Data-driven Marketing helps brick & mortar retail sales as well!

When digital meets marketing, it unleashes the power of data-driven marketing: marketing that graduates from surveys to provide data-based insights. More information is collected, processed faster, more effectively and with greater precision: data-driven marketing heralds a new era where smart targeting replaces mass advertising.

Data not only enables customized messaging but also restores the efficiency of marketing strategies by offering advertisers and retailers the ROI-based approach they have been advocating for so long.

 

Benefits of data-driven marketing strategies

Brick & mortar stores have a handicap compared to e-commerce: they are blind. Whereas online retail sites can use data analytics solutions to understand shoppers’ habits, enhance customer journeys and raise conversion rates, physical stores are deprived of such a precious asset.

The world of communications has reached a turning point as it says good-bye to mass marketing and hello to the era of ultra-personalization that puts consumers back at the center of the customer journey. Taking that direction requires having the means to know your customers — or at least have the tools to get to know them and develop close relationships. And this requires getting to know their shopping journey. This is where a phygital strategy comes in, based on proximity marketing. It entails combining the information collected both online and in physical retail outlets thanks to the Wi-Fi portal, in order to attain an omnichannel view of customer behavior.

Proximity data does much more for retailers than a database bought on the Internet, which will provide names, email addresses and phone numbers of potential customers, but no information on consumption behaviors. Yet, combining both sociological and demographic data stands as the way to optimize value generation from data.

 

From data to insights: building a strategy

Concretely, data can be used to analyze a shopping center’s traffic and to adjust rental charges according to the location of the leases or of advertising space. For sales outlets, data can help improve traffic in real time and direct shoppers to strategic points of interest. But in order to achieve this result, data must be processed. Therefore, the first step to a data-driven strategy is about ensuring the accessibility of the data collected.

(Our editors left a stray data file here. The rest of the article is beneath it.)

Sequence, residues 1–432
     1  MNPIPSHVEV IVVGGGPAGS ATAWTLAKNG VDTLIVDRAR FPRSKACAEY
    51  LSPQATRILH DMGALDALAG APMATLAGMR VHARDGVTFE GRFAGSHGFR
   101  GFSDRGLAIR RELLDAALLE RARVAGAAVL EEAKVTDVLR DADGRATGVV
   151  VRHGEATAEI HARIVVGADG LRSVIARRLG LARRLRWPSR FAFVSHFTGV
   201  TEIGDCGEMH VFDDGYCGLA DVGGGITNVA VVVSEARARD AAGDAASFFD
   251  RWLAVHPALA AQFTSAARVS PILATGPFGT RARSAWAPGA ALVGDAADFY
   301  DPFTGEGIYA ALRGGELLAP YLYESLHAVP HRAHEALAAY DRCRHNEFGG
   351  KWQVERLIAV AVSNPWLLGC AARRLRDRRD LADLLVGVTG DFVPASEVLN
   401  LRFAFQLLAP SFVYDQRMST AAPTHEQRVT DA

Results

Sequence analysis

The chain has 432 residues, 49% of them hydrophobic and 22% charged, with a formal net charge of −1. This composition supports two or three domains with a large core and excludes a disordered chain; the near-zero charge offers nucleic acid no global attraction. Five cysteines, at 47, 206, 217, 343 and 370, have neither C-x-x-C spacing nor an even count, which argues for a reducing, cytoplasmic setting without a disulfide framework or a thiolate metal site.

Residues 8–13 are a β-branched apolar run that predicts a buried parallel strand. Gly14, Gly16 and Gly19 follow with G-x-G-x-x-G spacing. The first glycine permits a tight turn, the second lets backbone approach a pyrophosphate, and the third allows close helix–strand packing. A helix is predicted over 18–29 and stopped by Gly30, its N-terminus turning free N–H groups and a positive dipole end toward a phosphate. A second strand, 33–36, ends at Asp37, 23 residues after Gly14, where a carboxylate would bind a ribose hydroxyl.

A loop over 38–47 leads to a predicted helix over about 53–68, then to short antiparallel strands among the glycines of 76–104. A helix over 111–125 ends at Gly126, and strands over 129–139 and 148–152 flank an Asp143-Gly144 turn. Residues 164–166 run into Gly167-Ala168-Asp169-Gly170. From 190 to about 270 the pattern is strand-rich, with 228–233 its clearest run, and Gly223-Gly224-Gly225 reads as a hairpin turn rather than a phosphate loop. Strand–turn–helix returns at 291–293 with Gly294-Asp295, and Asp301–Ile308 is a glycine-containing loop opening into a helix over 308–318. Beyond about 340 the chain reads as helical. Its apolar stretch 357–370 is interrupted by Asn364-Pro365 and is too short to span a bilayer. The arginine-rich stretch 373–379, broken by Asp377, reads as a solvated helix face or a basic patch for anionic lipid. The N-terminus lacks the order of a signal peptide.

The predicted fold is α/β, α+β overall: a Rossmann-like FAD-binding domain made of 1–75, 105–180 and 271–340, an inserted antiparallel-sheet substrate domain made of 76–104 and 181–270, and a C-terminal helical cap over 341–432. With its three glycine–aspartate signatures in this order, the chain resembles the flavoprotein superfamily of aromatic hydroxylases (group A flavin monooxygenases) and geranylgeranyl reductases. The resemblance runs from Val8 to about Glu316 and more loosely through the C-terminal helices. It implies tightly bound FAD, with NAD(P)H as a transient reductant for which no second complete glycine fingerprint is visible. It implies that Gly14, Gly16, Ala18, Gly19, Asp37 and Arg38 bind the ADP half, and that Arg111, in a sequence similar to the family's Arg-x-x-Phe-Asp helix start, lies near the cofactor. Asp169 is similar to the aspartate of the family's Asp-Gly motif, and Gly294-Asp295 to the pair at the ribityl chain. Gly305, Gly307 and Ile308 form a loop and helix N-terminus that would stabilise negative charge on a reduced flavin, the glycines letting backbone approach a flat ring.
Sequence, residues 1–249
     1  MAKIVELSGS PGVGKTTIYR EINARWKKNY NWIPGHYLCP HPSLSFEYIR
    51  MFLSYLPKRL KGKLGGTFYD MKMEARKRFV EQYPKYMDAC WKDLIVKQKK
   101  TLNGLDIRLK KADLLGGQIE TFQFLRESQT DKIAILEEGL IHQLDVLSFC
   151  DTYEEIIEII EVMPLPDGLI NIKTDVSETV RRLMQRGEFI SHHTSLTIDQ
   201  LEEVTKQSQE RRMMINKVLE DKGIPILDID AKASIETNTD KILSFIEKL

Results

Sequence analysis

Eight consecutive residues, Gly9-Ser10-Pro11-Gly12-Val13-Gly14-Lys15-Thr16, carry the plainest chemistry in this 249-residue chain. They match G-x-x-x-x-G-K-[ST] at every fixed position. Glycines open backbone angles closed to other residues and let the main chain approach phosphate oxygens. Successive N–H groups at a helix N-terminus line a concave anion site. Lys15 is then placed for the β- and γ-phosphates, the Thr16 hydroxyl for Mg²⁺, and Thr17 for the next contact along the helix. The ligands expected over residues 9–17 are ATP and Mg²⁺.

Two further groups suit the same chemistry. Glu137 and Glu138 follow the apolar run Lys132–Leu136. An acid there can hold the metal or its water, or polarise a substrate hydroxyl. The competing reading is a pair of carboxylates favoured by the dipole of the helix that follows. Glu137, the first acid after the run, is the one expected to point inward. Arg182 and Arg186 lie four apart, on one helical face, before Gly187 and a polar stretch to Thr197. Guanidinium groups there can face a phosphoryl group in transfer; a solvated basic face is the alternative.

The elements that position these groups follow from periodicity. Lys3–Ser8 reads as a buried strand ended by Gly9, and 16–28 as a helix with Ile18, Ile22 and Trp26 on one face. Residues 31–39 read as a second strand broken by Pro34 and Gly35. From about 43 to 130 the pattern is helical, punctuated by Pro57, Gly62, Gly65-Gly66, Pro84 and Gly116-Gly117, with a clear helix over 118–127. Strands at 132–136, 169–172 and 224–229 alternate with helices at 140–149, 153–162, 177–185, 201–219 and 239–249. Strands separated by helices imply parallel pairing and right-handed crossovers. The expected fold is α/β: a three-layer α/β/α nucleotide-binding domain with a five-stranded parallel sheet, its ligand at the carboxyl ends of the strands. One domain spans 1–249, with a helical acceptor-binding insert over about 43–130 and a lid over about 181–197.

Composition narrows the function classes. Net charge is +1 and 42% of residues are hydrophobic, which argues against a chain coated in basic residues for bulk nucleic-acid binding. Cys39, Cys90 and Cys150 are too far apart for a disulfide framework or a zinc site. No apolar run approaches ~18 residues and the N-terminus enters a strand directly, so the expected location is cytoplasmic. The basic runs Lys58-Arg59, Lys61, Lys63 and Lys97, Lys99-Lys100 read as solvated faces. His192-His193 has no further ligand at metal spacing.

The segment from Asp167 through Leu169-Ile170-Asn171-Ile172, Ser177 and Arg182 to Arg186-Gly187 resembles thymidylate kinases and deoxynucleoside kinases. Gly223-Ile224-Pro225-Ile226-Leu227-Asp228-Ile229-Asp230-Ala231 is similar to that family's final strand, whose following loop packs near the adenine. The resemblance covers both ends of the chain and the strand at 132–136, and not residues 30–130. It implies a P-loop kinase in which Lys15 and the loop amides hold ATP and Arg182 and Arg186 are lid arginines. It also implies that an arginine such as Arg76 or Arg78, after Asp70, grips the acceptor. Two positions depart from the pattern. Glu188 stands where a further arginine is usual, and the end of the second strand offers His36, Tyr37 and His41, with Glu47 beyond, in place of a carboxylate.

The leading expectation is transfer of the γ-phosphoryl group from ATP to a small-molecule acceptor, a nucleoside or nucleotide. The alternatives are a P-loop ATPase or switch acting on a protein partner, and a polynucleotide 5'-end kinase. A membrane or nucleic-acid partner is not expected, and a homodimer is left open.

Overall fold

Proximity marketing correlates online and offline metrics. Bounce rate, time spent shopping, number of visits, conversion rate: all this data can be used by stores to chart a 360-degree customer journey through a simple Wi-Fi connection. In this strategy, customers remain in control of their data and give their consent to its analysis, in compliance with the 2018 General Data Protection Regulation.

By turning data into insights, proximity marketing gives rise to two types of strategies.

  • Firstly, an acquisition strategy, to enhance CRM activities and monitor sales performance. This overcomes the problem of the Internet grey area, that of retailers, in particular for marketplaces, since it is not possible to include other players in sales monitoring.
  • Secondly, it gives rise to a loyalty-building strategy. Once based on loyalty cards, building loyalty now relies on a digital strategy that is not overtly visible. Retailers can enhance their image by deploying communication techniques to engage customers and secure brand loyalty.

 

Data time is real time

Every minute counts in a highly competitive context. The purpose of data analytics, beyond knowing your customer better and refining your marketing strategy, is that it is perfectly suited to real time operations.

According to a survey by RetailMeNot, 70% of shoppers in stores use their phones, and half of French consumers would find it helpful to receive flash sales offers by text message.

Well-accepted by consumers, data analytics allows you to adjust your strategy to actual needs promptly. For example, when checkout lines grows too long, knowledge of customer flow can immediately be used to redirect customers for faster checkout. And flash sales can also be triggered with a view to encourage revenue.

 

Based on analytics, data-driven marketing enables you to refocus your strategy for maximum optimization. And then what? The more data is collected, the more precisely can predictive marketing be implemented.

Eventually, consumption patterns can be predicted based on customer history, and messages can be better targeted for more effective customer engagement: is this the beginning of truly customized marketing?